Now, you may say:  “What’s so strange about that?  Many folks use Vicks VapoRub when they’ve got a cold.”

And of course, you’re right.  Many folks do.  But the older gentleman I know uses it (and has recommended that I use it) in a very unusual manner:  He eats it.  By the spoonful.

Yes.  Whenever he’s sick or feels that “under-the-weather” feeling starting up, he heads straight to the medicine cabinet with a teaspoon and downs a spoonful of Vicks VapoRub–that greasy, Crisco-ish paste.  Somehow he swallows it down and, “almost instantly” (he says) the soothing Vicks vapors make him feel better.

Needless to say, I’ve never tried it.  Nor do I recommend that anyone else ever try this.  Yes, my friend is 80+ years old, but I certainly do NOT attribute that age to eating Vicks.  I believe he’s achieved a fine old age in spite of Vicks.

At any rate, when you’re sick, everybody comes out of the woodwork with suggestions and recommendations to make you feel better.  Some make sense, others are of the “eat-a-spoonful-of-Vicks” variety.

Well, the same thing happens whenever you paint:  There are tons of different tips and tricks people recommend for everything from opening the lid to applying the paint to storing it on your shelves.  Today I want to focus on several common methods recommended for paint storage but which, in fact, actually do more harm than good.

Pound Some Nails in the Rim!

The first method I want to debunk is the Pound Some Nail Holes in the Rim Method.  Now, technically, this isn’t nails in rima paint storage tip.  It’s actually a painting application tip, but I’m including it here because it can radically affect your ability to store paint when you finish the job.

Now, the point of the method is to pound nail holes in the rim of your paint can so that all the paint that collects there as you paint, actually drips and drains back into the can.  Oh, it sounds like a great idea and many, many folks (me included at one point) have tried it.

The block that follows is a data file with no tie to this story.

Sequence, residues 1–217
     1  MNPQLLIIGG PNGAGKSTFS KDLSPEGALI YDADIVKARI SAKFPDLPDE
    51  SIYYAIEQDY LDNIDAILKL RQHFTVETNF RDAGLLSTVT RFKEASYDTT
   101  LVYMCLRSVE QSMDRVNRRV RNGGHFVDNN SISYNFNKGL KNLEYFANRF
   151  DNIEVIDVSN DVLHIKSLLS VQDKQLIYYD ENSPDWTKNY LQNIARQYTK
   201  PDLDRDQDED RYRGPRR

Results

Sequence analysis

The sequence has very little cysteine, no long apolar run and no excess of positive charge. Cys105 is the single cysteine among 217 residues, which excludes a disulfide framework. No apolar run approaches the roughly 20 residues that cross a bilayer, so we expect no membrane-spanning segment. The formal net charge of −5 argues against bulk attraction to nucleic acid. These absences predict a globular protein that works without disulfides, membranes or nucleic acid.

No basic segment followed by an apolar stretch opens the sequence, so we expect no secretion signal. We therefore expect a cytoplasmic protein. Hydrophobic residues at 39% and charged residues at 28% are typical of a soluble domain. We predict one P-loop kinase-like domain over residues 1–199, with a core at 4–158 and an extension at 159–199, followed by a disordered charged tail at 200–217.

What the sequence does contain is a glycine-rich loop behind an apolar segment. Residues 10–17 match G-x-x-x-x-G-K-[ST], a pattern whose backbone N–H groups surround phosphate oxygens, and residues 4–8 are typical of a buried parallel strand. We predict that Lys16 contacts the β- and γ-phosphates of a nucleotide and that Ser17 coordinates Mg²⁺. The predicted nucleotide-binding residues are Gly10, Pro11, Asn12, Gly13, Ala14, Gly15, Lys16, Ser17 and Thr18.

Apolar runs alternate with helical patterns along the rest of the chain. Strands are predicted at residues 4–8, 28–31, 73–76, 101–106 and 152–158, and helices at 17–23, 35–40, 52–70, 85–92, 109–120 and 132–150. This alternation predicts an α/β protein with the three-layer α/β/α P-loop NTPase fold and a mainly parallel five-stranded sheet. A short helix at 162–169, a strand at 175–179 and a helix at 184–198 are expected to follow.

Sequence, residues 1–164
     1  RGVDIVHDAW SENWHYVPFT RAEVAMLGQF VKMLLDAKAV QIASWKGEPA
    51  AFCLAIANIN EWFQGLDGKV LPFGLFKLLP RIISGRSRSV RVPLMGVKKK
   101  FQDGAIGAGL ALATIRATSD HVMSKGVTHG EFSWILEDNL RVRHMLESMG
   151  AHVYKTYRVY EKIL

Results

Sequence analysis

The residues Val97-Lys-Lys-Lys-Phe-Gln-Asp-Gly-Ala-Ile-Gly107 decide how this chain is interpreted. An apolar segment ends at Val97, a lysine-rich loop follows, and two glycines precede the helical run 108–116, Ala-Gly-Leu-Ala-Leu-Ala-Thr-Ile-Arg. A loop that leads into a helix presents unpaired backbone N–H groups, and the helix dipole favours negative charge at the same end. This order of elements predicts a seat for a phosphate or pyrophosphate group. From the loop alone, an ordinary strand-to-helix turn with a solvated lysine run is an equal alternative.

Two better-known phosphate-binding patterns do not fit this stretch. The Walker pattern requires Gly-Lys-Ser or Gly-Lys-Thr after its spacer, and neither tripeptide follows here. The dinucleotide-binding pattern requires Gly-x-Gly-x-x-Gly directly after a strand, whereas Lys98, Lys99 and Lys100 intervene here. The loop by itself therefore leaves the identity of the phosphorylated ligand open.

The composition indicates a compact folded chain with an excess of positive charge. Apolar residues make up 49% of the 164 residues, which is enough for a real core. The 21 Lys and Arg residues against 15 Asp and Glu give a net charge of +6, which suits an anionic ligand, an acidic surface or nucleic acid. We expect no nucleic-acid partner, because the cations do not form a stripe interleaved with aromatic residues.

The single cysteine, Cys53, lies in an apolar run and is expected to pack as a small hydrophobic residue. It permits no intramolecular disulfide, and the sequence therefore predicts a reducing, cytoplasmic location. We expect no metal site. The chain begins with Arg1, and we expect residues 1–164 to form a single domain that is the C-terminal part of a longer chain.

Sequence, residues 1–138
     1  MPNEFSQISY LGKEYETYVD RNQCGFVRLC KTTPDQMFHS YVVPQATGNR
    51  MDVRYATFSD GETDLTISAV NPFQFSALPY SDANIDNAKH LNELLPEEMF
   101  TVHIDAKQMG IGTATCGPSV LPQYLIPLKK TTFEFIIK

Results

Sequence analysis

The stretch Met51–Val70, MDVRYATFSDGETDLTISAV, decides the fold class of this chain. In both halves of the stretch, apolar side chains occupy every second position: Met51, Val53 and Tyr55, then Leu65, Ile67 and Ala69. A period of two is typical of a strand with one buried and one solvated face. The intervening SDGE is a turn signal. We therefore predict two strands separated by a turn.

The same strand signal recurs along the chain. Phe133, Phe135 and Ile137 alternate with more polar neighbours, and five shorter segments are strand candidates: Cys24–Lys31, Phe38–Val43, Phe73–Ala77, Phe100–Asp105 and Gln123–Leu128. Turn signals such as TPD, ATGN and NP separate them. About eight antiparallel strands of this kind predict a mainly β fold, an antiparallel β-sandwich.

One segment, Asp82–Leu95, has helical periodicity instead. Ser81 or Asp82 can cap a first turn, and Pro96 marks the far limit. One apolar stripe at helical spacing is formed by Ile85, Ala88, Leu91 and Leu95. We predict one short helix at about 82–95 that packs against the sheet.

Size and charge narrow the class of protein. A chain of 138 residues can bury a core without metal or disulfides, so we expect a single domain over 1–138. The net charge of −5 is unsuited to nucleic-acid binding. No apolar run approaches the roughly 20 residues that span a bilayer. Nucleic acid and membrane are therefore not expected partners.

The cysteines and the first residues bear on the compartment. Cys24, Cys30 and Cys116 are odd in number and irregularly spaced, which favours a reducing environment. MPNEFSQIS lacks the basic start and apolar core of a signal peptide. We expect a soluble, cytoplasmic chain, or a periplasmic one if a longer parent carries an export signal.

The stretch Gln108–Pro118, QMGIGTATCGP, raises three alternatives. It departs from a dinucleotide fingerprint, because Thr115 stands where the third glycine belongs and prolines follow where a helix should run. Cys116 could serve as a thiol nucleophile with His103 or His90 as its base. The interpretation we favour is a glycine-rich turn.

However, the problem with the method is this:  those holes (as well as the process by which they’re created in the rim), can actually damage the rim of the paint can, dramatically reducing the ability of that rim to create a good seal with the lid.  That’s just a fancy and long way of saying:  pound holes in the rim of your can and you’ll find that you can’t seal the can very well later.  Oh, the lid may go on and may look tight, but you’ll often find, when you open it later, that the seal was very poor and your paint has dried out significantly.

So, all that to say:  don’t pound nail holes in the rim.  Instead, simply keep that rim clean of paint.  Or, if you happen to get paint into it, clean that paint out before trying to affix the lid.

Store the Can Upside Down!

upside downThe second method I’d like to address is the common Store the Paint Can Upside Down method.  The theory behind this concept is that air will leak in through the lid.  If you turn the can upside down, the air will not be able to sneak in and therefore, your paint will stay good longer.

The problem with this theory is that often, the bigger problem in a can–the reason paint can dry out so often in a closed container–isn’t so much that the air is leaking in.  It’s because the air’s already in the can when you close it.

If you’ve got a half-full gallon of paint and you pound the lid on and store it–upside down or rightside up–the air that fills up that empty half of the can will start drying the paint that remains.  If you leave the can rightside up, this air will cause a thick coating to form on the surface of the paint and on the exposed sides of the can.  If you turn the can upside down, the same thing will happen, only on the bottom.

This is frustrating enough when the can is rightside up, but at least that way, the skin is on the surface of the paint and you can see it and easily remove it before you do any stirring or shaking of the paint.  However, if you stored the paint can upside down, the skin forms on the bottom side of the can.  All the clumpy stuff, the junk, the bad, unusable paint is at the bottom of the can where you can’t see it when you open it up.